Gawin Douglas, Or Gavin, a Scottish poet, bishop of Dunkeld, third son of Archibald, fifth earl of Angus (called "Bell-the-Cat" ), born in Brechin about 1474, died in London in 1521 or 1522. He was educated for the church, partly in Scotland and partly at Paris, and when 22 years of age was appointed rector of Hawick. While in this office he made a translation of Ovid's " Remedy of Love," which has been lost. In 1501 he addressed to King James IV. the "Palace of Honor,11 an allegory whose structure so much resembles the "Pilgrim's Progress," that Bunyan has been thought to have borrowed his idea from it. About 1509 he was appointed provost of St. Giles's, Edinburgh. His translation of the AEneid into Scottish verse, made in 1512 - '13, was first printed at London in 1553, with the following title: "The xiii. bukes of Eneados of the fa-mose poet Virgill, translatet out of Latyne verses into Scottish metir, bi the Reuerend Father in God, Mayster Gawin Douglas, Bishop of Dun-kel, & vnkil to the Erle of Angus : euery buke hauing hys perticular prologe." It is praised for its spirit and fidelity.
The 13th book was the production of Mapheus Vegius. In September, 1513, Douglas accompanied the king to Flodden field, where his two elder brothers, the master of Angus and Sir William Douglas, with 200 gentlemen of their name, were slain. Soon afterward the earl his father died of grief. The chief of the house of Douglas was now the young earl of Angus, nephew of Gawin. This youth married the queen regent, and was the means of Gawin's obtaining the abbacy of Aberbrothwick, and a nomination to the archbishopric of St. Andrews, which would have made him head of the church in Scotland. The pope would not assent to this appointment, and as the partisans of the various candidates appealed to arms, it ended in Gawin's abbacy being taken from him. The queen made him bishop of Dunkeld in 1515, but on attempting to establish himself in his see he found it in armed possession of the earl of Athol's brother, Andrew Stewart. Douglas's friends rallied in force and took the cathedral, after which the contention went on for years between the rival families of Angus and Hamilton, and in April, 1520, they met in Edinburgh to fight it out. Bishop Gawin, foreseeing bloodshed, endeavored to prevent the fray. But his intercessions were of no avail; the forces of the rival lords met, and Hamilton was defeated.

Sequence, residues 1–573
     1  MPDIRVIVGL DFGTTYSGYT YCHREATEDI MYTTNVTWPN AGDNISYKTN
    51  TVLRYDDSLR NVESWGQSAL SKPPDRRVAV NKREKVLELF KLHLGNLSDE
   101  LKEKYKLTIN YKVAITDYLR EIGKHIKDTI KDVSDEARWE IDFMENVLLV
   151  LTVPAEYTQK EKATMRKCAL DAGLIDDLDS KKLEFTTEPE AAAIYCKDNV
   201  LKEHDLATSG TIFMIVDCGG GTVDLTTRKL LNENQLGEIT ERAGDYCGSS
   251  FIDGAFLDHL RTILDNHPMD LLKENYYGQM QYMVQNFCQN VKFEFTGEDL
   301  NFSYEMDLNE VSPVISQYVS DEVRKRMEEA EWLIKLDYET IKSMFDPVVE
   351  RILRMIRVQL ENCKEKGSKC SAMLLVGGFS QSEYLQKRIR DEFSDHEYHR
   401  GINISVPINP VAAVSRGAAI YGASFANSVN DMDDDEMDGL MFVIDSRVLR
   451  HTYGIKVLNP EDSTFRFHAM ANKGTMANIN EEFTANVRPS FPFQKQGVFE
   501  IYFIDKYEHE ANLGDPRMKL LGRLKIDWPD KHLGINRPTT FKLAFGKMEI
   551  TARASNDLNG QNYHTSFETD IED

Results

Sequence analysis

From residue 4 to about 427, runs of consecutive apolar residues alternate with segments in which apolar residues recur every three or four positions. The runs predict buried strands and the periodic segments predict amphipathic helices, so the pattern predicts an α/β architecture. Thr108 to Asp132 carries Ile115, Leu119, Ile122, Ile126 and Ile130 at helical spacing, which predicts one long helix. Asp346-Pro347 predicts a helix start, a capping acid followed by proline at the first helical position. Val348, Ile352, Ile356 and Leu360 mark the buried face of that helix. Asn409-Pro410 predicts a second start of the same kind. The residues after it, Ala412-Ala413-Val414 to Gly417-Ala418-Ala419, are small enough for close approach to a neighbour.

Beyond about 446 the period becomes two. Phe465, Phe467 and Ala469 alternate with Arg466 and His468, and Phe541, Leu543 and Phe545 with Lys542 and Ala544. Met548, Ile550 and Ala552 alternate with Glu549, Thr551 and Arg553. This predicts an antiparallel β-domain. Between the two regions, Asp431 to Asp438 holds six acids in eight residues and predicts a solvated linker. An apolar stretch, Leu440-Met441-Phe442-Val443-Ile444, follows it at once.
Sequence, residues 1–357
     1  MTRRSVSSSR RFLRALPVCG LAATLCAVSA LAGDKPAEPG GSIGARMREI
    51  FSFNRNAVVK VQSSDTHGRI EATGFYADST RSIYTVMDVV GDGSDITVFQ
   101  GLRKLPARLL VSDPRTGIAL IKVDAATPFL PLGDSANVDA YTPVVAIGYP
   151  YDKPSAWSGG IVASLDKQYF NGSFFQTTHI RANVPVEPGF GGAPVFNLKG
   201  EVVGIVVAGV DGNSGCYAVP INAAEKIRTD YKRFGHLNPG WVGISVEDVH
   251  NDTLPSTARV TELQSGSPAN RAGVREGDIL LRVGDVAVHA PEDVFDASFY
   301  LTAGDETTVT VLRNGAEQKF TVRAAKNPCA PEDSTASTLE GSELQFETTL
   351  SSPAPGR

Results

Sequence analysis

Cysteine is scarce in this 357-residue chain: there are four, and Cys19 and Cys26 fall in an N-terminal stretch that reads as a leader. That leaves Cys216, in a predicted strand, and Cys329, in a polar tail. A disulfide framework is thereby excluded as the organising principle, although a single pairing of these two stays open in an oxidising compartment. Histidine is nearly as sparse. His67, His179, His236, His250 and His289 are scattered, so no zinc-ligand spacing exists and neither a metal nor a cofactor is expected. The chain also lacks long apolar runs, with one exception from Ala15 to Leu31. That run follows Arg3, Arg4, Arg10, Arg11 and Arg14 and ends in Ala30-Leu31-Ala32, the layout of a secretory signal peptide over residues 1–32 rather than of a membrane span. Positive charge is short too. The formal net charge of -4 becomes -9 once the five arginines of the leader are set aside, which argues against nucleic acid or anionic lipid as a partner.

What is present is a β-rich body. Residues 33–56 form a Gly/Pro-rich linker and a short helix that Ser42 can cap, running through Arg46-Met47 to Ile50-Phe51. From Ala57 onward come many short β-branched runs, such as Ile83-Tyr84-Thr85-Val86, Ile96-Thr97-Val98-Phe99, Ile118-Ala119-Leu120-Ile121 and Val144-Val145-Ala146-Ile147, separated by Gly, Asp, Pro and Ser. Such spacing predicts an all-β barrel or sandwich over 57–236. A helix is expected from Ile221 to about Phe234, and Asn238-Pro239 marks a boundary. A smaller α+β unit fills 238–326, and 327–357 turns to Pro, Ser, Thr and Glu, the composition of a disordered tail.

The next year the regent Albany called the Angus party to account, and the earl, with Gawin and the chief men of his name, were forced to fly to England, where Henry VIII. received them well and allowed Gawin a pension. An allegorical poem of his, entitled "King Hart," was left in manuscript, and published by Pinkerton in his " Ancient Scottish Poems," 1788.